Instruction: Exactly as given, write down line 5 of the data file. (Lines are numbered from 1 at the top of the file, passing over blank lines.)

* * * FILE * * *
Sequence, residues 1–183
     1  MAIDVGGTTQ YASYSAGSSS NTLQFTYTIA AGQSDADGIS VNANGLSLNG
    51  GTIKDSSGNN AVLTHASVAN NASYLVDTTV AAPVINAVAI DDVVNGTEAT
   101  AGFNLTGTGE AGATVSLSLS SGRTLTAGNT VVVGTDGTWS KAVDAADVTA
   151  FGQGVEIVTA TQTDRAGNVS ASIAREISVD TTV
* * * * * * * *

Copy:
   151  FGQGVEIVTA TQTDRAGNVS ASIAREISVD TTV